Reddit’s moderator purge could have real impacts on reliability and information safety as it rushes to replace mods with inexperienced, poorly vetted volunteers, according to Ars Technica. With testimony by both expelled former moderators and some of those who replaced them, Ars Technica’s report shows the trouble with the company’s push to quickly replace the mods who sent their subreddits dark, marked them NSFW, or turned them into jokey John Oliver fan forums earlier this year.
The Ars Technica piece lists several examples illustrating how this could be problematic. There’s a canning recipe that’s been allowed to stay up despite the potential to make people sick. A moderator with zero 3D-printing experience joined as a “joke” to replace a mod whose expertise included identifying functional gun printing recipes. A new home automation moderator insists expert knowledge is unnecessary in a subreddit where bad advice can lead to electrocution or compromised cybersecurity.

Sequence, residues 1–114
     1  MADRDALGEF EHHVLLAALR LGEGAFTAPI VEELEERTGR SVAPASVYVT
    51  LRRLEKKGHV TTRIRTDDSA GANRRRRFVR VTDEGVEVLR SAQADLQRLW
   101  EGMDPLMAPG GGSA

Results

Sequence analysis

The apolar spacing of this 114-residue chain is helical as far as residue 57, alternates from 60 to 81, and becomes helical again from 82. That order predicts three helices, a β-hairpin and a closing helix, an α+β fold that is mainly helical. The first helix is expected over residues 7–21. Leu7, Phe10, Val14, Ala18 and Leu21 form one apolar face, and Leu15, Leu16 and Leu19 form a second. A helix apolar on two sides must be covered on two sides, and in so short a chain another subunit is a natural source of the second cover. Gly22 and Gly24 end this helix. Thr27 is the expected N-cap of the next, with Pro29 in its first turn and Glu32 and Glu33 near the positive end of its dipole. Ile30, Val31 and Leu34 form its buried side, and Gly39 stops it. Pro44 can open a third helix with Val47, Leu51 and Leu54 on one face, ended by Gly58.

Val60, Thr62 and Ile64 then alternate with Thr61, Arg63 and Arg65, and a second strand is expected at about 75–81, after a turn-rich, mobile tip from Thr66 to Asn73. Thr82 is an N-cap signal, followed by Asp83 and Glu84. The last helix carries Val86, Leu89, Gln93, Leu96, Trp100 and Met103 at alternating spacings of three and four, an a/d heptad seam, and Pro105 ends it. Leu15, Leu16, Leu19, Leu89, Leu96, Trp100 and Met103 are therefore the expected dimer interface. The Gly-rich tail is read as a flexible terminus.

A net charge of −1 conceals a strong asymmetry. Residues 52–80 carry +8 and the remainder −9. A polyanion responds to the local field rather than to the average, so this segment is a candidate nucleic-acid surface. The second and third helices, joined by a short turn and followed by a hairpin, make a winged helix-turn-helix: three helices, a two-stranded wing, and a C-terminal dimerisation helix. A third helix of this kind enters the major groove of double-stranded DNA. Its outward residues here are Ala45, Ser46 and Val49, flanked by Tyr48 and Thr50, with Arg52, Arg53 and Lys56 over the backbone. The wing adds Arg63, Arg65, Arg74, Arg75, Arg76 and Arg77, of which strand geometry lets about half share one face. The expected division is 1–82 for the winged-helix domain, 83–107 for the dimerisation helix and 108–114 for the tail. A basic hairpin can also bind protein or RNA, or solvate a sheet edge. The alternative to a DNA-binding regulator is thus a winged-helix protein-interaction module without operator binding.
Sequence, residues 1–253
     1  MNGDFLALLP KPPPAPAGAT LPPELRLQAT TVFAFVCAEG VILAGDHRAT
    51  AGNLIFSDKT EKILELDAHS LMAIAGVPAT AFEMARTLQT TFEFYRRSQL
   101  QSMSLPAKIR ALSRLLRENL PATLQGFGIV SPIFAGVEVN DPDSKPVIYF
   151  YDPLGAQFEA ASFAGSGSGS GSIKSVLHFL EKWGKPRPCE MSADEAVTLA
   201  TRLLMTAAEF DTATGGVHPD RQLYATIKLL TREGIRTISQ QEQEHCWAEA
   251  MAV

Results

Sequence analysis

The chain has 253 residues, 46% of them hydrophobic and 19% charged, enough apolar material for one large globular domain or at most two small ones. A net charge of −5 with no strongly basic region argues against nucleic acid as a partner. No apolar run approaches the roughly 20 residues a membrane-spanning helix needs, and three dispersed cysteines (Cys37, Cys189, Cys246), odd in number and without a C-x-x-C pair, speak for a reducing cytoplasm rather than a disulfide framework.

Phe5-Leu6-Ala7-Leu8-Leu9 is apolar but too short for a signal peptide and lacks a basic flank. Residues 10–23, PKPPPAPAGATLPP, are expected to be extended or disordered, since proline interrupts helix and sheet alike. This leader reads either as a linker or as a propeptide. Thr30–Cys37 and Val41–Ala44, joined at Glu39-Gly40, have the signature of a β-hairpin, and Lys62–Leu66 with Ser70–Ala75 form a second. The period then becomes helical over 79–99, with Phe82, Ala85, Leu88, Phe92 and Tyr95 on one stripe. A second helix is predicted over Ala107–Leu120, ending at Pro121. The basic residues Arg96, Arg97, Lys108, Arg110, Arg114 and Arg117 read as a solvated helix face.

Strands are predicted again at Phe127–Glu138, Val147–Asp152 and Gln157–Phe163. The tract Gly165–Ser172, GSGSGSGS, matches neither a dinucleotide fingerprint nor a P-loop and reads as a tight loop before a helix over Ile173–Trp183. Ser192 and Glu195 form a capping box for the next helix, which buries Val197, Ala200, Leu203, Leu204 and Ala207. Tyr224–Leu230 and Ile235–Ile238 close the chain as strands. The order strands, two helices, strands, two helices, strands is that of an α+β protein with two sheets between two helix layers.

Fired mods who spoke with Ars Technica reportedly were uninterested in passing on their knowledge and experience to their replacements, while insufficient mod tools, once helped by now-dead third-party apps, mean even experienced still-volunteering mods may have trouble managing their communities. Both factors leave mods new and old with a tough row to hoe moving forward.
Stevie Chancellor, a computer science and engineering professor from the University of Minnesota, is quoted as saying she was concerned that mods wouldn’t be able to stop malicious users from encouraging people in mental health support forums “to hurt themselves for their own perverted desires.”